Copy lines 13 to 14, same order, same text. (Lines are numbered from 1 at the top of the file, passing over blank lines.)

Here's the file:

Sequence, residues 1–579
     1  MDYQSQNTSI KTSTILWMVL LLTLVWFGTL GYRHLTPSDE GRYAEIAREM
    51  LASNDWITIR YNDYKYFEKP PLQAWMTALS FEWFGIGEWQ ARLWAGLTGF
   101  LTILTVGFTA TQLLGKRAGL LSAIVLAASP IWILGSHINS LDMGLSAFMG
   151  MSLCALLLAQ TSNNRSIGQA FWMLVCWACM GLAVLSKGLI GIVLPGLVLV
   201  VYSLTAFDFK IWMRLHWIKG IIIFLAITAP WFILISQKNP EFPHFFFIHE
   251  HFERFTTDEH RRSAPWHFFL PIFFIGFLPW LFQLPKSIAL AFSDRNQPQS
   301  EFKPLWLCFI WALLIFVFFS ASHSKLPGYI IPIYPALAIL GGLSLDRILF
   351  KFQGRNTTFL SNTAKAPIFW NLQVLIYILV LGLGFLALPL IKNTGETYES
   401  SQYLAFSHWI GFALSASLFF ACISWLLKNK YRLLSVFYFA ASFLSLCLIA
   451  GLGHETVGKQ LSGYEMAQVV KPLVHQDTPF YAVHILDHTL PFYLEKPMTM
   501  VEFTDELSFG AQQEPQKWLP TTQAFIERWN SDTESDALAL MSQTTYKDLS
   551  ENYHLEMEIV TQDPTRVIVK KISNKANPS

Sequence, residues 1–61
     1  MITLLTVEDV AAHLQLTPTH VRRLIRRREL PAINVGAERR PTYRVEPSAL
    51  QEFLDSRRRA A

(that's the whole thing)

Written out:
   551  ENYHLEMEIV TQDPTRVIVK KISNKANPS

Sequence, residues 1–61